Lindsay Lohan Ordered to Deposition in Paparazzo Lawsuit

The paparazzo alleges Lohan's driver ran into him in Hollywood two years ago.

Lindsay Lohan was ordered Tuesday to appear for an April 8 deposition in a lawsuit by a paparazzo who alleges the actress is partially responsible for injuries he claims he received when he was struck by a car in which Lohan was a passenger.

Previously: Paparazzo's Attorney Wants Lindsay Lohan Ordered to Deposition

Los Angeles Superior Court Judge Ronald Sohigian also sanctioned Lohan $1,000 to compensate plaintiff Grigor Balyan's lawyer, Neil Steiner, for his expenses in preparing the motion to compel her deposition.

Sohigian told Lohan's lawyer, Julia Azrael, that the actress faces more possible sanctions if she does not show up for the deposition at Steiner's Beverly Hills office. The possible measures include preventing Lohan from asserting some defenses at trial or setting in motion proceedings that could lead to the actress' default, Sohigian said.

Azrael acknowledged that she could not guarantee Lohan will appear. She told the judge she was willing to have a date set based on her own personal calendar, then hope her client will agree to it. Azrael said she has talked with other Lohan attorneys to try to get the actress' cooperation.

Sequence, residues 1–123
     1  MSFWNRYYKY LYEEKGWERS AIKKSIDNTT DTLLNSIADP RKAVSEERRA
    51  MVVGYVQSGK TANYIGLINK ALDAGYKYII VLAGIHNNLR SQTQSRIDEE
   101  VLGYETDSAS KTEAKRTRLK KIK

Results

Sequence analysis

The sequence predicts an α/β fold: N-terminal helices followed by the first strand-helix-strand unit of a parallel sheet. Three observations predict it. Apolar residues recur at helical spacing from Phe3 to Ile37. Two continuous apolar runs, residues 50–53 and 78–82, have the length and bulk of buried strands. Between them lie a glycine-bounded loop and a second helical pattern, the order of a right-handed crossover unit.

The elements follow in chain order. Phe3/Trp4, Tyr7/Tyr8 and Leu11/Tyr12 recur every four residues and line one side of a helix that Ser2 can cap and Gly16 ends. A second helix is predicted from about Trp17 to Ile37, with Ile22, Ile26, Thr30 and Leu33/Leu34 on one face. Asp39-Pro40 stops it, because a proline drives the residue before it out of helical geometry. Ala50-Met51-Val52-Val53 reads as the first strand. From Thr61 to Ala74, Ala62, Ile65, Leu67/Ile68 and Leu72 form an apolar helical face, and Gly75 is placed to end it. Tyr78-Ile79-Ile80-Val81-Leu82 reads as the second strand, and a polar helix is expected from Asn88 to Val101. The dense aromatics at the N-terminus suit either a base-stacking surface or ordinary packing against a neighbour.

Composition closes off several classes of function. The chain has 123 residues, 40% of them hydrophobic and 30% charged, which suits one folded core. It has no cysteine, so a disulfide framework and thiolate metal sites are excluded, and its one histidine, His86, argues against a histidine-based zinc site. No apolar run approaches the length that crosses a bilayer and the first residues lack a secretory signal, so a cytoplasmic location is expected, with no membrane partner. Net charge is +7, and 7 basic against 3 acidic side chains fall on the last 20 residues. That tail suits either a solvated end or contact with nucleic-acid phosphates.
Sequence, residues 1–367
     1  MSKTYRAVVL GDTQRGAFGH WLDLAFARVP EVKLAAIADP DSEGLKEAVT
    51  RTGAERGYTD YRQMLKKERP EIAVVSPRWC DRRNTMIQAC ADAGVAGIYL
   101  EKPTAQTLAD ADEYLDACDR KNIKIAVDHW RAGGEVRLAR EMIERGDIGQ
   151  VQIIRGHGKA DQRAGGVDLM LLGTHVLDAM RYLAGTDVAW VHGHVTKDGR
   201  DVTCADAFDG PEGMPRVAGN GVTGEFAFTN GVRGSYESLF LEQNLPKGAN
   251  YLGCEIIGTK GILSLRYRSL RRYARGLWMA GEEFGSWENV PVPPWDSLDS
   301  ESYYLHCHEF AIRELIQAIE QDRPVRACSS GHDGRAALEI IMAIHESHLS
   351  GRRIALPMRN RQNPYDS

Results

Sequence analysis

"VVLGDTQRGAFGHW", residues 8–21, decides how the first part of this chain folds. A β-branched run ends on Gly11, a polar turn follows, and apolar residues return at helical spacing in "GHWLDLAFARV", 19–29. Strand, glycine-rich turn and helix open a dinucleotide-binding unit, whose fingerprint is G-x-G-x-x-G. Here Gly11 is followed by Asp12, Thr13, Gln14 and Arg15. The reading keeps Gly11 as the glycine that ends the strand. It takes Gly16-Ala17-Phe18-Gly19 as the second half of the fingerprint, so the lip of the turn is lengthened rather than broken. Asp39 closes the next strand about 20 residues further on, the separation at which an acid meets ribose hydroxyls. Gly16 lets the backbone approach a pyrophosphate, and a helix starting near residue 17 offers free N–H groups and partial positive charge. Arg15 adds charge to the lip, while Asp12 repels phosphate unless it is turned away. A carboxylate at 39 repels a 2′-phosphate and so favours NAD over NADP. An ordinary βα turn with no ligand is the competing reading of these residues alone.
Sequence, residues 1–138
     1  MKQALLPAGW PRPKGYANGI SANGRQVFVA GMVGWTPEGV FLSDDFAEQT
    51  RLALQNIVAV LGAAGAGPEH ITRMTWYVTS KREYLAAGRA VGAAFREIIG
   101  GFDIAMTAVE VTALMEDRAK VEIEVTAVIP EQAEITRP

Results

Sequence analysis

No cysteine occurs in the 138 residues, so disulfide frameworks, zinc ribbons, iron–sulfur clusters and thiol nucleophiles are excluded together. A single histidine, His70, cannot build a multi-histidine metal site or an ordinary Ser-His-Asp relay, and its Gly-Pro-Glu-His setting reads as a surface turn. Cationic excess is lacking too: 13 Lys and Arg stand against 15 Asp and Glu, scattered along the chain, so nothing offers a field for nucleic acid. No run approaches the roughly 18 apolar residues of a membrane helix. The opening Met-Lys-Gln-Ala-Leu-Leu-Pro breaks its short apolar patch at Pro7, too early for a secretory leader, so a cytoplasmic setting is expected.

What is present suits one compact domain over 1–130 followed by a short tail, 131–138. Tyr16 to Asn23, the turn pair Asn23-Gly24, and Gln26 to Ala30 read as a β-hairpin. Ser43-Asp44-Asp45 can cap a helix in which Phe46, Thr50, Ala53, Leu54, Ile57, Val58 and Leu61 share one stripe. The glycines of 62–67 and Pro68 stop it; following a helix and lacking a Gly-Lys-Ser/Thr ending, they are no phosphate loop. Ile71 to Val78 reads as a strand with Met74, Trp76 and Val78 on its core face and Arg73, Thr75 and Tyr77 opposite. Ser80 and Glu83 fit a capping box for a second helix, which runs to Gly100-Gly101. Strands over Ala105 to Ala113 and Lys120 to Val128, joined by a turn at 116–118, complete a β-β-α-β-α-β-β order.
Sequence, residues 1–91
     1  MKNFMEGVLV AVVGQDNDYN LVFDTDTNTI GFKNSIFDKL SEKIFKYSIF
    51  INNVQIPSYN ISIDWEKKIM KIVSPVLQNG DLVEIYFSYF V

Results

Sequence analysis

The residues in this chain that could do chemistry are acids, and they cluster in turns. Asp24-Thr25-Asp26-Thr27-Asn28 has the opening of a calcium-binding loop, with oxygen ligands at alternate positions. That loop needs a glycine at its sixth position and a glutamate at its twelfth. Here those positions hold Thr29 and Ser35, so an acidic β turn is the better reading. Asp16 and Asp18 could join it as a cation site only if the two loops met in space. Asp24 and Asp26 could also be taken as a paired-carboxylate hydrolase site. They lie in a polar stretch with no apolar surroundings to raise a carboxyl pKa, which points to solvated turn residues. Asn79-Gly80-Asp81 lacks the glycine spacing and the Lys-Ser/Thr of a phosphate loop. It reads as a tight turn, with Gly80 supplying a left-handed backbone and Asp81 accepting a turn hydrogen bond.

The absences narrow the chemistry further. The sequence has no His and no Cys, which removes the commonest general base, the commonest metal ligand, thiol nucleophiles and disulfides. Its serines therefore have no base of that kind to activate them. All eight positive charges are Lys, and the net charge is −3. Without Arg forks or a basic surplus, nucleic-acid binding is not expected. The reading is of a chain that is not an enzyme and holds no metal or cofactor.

But Sohigian said Steiner "doesn't want to be horsed around" and that now is the "appropriate time for a concrete arrangement."

Steiner said afterward he is not entirely confident Lohan will follow the court order.

"I have my reservations," he said.

Balyan alleges the 26-year-old Lohan's driver, Paola Demara, ran into him in Hollywood two years ago as he was taking photographs of the actress. He is claiming medical expenses of about $16,500.

Steiner said the vehicle was a rental car and that Lohan, sitting on the passenger side at the time of the accident, had the best view of what happened.

Steiner, on behalf of Balyan, filed court papers Feb. 1 with Sohigian stating that he had served notice to the actress' lawyers in December asking that she be made available for a deposition Jan. 31.

Lohan's lawyers replied on Jan. 30 that it was their "understanding" that Lohan was "out of the state," Steiner's court papers state.

Steiner said the information about Lohan not being in California at the time was inaccurate. In his court papers, he stated that Lohan was in a Los Angeles courtroom Jan. 30 to face a judge regarding criminal allegations stemming from a car crash last year.

"Rather, as was apparent to anyone watching Los Angeles local news on Jan. 30 (Lohan) was in Los Angeles to make an appearance for her pretrial hearing on three misdemeanor charges involving a motor vehicle accident on Pacific Coast Highway in June," Steiner's court papers stated.

Steiner said Lohan could have attended her deposition the next day after all.

"As it appears that (Lohan) is simply playing games, including making misrepresentations to plaintiff's counsel concerning her scheduling issues, an order compelling (her) to appear for deposition is necessary and must be compelled by this court," Steiner's court papers state.

Balyan filed suit in January 2012. He has named both women and Lohan's company, Crossheart Productions Inc. He wants damages for lost wages, medical expenses, property damage and lost earning capacity.

Balyan alleges the car bumped and injured him on Jan. 10, 2010, outside a club on Cahuenga Boulevard in Los Angeles.

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